Does your home speak to you?                                       

Does it have a story to tell?

A few weeks ago, I had the pleasure of re-visiting the Gamble House, a turn-of-the-last century Craftsman style home in Pasadena, California.

This 100 year old gem of a house was designed by the architectural geniuses Greene & Greene.

I have to admit, I admired this home just as much the second time around, both for its turn-of-the-century simplicity and its incredible attention to detail.

I use the word ‘incredible’ – yet, this doesn’t adequately describe what the house has to offer.

Astounding is more like it.

The effect of these rooms bathed in a golden light, is almost magical. It literally takes your breath away.

From the moment one first steps into the darkened entry, you realize you are in for a treat as your eyes gradually become accustomed to the light.

You notice first, the lovely image of an oak tree etched into the leaded glass panes of the front door, its limbs stretching far and wide into the transom and side light windows.

You notice it in the smoothly rounded edges of the polished Burmese teak, framing the grand central stair.

You notice it, too, in the delicate silhouette of a lantern in the shape of a crane, a bird that – in Japan – represents longevity.

You notice the repetition of certain motifs – trailing vines and the ever-present Chinese ‘cloud-lift’ – everywhere you look.

It’s present in the leaded glass light fixtures, the carved mantle and friezes, in the stair rail and even the carved inlays on a bed frame.

Good design relies on repetition.             

Designers and architects alike know this, and rely heavily on such simple tools to create an innate rhythm of beauty and celebration throughout a clients’ home.



I was browsing hotels on-line for an upcoming road trip, when I happened upon an upscale hotel chain that provides guests with a Heavenly Bed and a Heavenly Bath.                      

Sounds heavenly.

Then I read that it’s OK to bring your 40lb dog, at no extra charge and you can even request a Heavenly Dog Bed!

Now, that’s service!

The Heavenly Bed, as it’s called, (for humans) features a “custom-designed, foot-thick pillowtop mattress with all-white bedding; triple sheeting; down duvet; and five pillows (two goose down/feather, two hypo-allergenic, and a decorative “boudoir” neck roll pillow)”.


I’d love to know what the Heavenly Dog Bed looks like!

So yes, I’m off on a road trip early this month. I’m meeting up with my son in rural Pennsylvania, as he makes his way back to Austin, TX for the fall term of graduate school.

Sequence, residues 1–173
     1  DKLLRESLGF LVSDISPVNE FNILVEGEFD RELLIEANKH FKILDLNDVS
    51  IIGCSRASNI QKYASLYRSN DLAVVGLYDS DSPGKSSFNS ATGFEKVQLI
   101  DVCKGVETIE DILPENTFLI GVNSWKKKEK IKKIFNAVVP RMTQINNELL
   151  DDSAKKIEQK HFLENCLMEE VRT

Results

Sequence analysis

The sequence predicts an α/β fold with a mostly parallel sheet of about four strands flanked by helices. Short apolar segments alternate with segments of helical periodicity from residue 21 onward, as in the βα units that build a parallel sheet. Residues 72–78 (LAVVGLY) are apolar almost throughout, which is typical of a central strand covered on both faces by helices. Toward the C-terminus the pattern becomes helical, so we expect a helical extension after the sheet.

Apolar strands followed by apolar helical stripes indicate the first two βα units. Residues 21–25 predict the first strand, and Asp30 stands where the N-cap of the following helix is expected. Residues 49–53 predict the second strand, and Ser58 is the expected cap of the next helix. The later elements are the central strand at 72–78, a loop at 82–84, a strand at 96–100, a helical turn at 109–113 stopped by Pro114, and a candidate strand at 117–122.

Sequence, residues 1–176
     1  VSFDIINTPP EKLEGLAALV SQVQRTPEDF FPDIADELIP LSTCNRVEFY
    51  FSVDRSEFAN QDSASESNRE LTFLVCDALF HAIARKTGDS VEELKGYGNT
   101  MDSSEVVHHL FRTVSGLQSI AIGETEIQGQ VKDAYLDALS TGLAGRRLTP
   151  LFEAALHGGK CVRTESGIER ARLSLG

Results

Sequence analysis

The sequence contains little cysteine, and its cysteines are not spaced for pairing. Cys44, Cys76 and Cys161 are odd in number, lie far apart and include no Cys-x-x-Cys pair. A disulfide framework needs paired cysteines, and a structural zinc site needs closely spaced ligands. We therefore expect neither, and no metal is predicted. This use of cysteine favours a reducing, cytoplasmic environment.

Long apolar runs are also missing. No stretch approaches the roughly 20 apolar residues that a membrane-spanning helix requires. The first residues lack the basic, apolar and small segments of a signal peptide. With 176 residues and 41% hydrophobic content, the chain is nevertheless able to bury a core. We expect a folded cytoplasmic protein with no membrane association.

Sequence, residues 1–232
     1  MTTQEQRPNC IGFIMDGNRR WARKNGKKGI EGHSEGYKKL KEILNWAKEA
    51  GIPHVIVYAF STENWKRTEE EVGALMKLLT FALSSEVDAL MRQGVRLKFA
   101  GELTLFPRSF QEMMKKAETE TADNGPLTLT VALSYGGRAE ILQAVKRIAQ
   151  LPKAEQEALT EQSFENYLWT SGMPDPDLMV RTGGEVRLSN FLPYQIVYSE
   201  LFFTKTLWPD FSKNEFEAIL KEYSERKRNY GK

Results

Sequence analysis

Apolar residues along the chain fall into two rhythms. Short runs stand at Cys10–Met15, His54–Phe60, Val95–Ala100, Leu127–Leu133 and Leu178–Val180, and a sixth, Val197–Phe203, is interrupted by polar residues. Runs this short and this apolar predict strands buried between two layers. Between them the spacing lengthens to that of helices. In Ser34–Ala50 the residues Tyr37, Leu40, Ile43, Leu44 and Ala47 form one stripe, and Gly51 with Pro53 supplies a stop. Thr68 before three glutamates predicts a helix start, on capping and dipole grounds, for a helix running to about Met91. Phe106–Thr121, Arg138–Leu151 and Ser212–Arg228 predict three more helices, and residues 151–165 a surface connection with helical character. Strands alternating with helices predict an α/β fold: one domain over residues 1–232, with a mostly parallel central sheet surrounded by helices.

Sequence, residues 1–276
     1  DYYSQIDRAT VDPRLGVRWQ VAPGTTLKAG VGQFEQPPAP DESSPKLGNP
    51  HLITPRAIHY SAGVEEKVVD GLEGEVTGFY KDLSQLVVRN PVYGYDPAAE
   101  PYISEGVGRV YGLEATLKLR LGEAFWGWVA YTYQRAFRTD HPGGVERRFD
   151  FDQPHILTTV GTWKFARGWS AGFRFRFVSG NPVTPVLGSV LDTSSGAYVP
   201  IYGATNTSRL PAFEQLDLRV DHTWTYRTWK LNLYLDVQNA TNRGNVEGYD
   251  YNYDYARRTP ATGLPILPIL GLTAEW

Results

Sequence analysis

Many years ago, when my family moved to Seattle, we drove all the way from Toronto, which was a ten day road trip. Being young and adventurous, I thought it was a blast.

To this day, the highlights I remember were Mt. Rushmore, the Corn Palace (ever been there?) and of course, Yellowstone National Park.

We arrived in Yellowstone on July 1, and were welcomed by an enormous blizzard. Coming from Canada, we weren’t too fazed by this, although it was a bit confusing for the first of July.

Lucky for us, we had an ice-scraper in the car. This made us very popular the next morning in the parking lot, as fellow hotel guests prepared to dig themselves out of the snow.

My most recent memorable road trip was to Frank Lloyd Wright’s infamous Fallingwater.

So, it’s time for another road trip, and I’m looking forward to it! I hope to see you back here over the next few weeks as I share trip updates and photos.


On a recent summer’s day, I had the ideal opportunity to visit Fallingwater, Frank Lloyd Wright’s masterpiece located in Bear Run, Pennsylvania.

This proved to be an absolutely amazing experience, and I highly recommend visiting Fallingwater if you are ever in the area.

I guarantee the experience is one you’ll never forget.

So what makes this place so incredible?

It’s just a house, afterall.

Except that it’s not just any house.

Picture a home that is so well integrated to it’s site that words escape you.

Picture a home that is so beautifully designed, in each and every detail, that it takes your breath away.

Add to this the spectacular natural site, located in the woods, directly over a stream and waterfall.

You’ve probably seen the pictures, famously showing the cantilevered decks that create patterns in space as they hover over the water below.

Design and architecture today often emphasizes the connection between indoors and out, or what we refer to as ‘bringing the outdoors in’.

Fallingwater is the epitomy of this concept, of connecting ourselves to Nature.

While I don’t believe there will ever be another Fallingwater, we can certainly borrow from the lessons here, and aspire to bring more of Nature into our homes.

Perhaps it will be the stone flooring throughout your home that continues onto the outdoor patio, perhaps it will appear in the form of greenery inside and out, or perhaps it will be a water feature that spreads the peaceful sound of flowing water throughout your living space.

Whatever you decide to do, embrace it as a way to bring more of Nature into your home and your Life.